The COVID-19 Pandemic as Trauma on Secondary Educators and Their Students: A Phenomenological Study

Jean Marie Hurley, Fordham University


The SARS CoV-2 (“COVID-19”) pandemic accomplished something that few events in the world have done previously: it traumatized an entire planet. Whether directly affected by the disease, or by extension affected by the closing of businesses, lockdowns or stay-at-home orders, every population was negatively impacted by the virus. Students were especially impacted which led to stunted social-emotional growth, academic loss, and in some cases, death. Teachers were expected to pivot overnight to totally transform their methods of teaching and interacting with students yet were given next to no assistance or tools with which to do so. This study explored the phenomenon of traumatized high school teachers instructing traumatized high school students during and after the initiating trauma. Seven themes arose from the interviews conducted with teachers from across the country: (1) difficulty of administrators in supporting teachers and students, (2) technological inequity during times of crisis, (3) inadequate understanding of trauma-informed teaching, (4) student challenges (social-emotional and academic), (5) student successes, (6) teacher behaviors, and (7) recommendations and best practices. trauma-informed teaching, a practice which takes into consideration mitigating factors in terms of student behaviors, would have benefitted many teachers and students, but was left out of the toolbox. It is recommended that in future professional development opportunities, teachers are given in-depth training on trauma-informed teaching and best practices including prioritizing personal wellbeing.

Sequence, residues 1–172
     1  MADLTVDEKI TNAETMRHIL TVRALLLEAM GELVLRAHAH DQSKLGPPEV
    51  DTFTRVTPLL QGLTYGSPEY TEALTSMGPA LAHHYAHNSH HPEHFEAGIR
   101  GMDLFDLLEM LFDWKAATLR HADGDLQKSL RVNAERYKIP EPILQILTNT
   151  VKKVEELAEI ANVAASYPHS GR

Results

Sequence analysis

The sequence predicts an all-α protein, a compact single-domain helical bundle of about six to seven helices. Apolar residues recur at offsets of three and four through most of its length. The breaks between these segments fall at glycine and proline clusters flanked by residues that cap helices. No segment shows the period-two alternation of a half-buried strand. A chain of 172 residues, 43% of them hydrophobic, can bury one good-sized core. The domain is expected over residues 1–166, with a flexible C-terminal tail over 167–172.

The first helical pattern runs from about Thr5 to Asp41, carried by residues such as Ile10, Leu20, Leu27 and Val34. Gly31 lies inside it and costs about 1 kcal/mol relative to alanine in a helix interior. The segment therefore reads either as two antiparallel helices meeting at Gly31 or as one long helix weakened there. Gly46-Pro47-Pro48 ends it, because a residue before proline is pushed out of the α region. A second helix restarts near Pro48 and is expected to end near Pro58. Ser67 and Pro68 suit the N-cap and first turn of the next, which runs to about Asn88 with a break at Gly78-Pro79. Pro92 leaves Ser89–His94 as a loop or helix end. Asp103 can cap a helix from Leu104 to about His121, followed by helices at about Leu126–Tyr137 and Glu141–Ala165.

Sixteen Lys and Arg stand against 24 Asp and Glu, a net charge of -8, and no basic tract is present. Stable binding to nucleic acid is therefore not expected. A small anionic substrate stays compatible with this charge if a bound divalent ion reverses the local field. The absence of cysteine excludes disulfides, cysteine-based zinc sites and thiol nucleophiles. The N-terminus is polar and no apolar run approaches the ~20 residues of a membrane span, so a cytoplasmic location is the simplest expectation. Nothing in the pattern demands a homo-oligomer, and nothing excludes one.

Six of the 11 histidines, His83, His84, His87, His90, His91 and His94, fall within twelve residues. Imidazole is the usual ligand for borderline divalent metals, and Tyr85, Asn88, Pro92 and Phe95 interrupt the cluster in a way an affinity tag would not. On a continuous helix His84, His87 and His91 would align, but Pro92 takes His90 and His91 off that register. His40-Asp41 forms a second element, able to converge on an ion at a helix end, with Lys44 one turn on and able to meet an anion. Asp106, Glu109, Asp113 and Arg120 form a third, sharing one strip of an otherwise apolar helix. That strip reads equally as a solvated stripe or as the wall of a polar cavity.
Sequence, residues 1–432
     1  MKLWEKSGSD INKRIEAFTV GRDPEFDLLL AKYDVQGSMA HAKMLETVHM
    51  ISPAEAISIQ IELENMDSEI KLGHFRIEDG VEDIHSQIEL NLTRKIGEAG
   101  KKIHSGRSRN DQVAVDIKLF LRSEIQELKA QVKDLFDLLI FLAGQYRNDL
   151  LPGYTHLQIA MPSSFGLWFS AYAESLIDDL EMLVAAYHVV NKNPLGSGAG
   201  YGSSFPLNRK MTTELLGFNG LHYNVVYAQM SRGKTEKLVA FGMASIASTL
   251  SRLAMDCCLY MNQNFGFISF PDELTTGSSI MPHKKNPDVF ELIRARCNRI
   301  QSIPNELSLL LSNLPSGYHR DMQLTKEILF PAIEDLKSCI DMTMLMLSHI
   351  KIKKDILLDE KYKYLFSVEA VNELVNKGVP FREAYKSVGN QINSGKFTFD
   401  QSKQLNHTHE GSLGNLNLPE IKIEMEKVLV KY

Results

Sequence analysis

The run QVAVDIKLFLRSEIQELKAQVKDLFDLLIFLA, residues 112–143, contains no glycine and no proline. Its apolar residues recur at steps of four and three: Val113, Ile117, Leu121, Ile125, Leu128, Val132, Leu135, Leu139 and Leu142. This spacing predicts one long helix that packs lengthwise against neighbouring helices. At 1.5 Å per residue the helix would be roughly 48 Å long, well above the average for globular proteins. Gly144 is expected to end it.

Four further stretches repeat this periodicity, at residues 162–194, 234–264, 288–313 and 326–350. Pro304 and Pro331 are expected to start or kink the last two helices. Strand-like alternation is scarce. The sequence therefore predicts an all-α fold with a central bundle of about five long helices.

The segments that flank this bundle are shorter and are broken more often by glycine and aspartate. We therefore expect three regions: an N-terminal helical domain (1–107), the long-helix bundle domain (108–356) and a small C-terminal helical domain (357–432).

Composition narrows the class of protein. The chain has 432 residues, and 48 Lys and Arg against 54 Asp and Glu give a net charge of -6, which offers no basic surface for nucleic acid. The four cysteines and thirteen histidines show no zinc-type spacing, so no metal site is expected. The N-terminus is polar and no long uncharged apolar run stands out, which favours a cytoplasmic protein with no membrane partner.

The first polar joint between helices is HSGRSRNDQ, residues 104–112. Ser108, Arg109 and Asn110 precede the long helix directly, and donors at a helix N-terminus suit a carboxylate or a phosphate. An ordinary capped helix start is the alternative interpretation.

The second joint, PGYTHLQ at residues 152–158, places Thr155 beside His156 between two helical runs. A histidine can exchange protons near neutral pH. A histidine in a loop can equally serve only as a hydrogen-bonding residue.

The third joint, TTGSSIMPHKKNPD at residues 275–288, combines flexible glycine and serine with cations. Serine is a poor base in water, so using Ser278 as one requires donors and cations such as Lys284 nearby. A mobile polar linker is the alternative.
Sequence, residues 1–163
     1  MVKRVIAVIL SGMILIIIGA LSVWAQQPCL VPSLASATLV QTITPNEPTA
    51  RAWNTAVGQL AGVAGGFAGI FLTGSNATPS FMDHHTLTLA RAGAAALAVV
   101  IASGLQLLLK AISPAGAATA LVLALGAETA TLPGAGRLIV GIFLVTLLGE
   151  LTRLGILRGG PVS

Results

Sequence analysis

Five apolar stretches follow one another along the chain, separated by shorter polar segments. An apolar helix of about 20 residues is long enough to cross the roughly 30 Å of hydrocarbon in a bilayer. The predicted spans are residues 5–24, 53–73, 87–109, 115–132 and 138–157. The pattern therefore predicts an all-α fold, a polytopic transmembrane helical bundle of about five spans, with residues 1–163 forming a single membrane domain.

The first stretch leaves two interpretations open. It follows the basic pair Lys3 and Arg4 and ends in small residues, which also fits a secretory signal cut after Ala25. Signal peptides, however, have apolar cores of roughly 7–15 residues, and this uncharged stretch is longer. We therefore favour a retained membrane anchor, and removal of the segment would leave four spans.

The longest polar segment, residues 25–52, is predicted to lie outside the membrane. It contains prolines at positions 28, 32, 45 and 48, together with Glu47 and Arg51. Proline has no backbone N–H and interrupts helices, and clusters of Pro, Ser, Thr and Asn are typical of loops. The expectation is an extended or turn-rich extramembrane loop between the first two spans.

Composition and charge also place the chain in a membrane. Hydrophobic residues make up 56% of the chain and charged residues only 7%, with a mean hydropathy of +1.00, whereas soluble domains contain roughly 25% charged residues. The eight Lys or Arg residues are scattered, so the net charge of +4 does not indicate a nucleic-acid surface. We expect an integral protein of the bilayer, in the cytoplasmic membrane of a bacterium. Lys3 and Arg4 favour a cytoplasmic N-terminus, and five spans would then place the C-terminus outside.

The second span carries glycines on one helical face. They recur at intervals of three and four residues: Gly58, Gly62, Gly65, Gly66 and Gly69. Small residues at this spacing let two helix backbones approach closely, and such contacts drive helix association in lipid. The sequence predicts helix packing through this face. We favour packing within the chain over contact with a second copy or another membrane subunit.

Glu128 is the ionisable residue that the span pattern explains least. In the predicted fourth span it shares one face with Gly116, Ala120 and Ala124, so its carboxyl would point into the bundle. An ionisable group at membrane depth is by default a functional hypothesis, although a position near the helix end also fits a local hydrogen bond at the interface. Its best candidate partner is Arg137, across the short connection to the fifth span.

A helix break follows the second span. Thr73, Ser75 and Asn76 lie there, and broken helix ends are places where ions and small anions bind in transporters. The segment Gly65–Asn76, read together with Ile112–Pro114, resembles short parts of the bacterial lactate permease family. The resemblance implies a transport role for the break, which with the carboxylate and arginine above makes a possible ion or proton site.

Subject Area

Education|Education Policy|Educational psychology

Recommended Citation

Hurley, Jean Marie, "The COVID-19 Pandemic as Trauma on Secondary Educators and Their Students: A Phenomenological Study" (2023). ETD Collection for Fordham University. AAI30417518.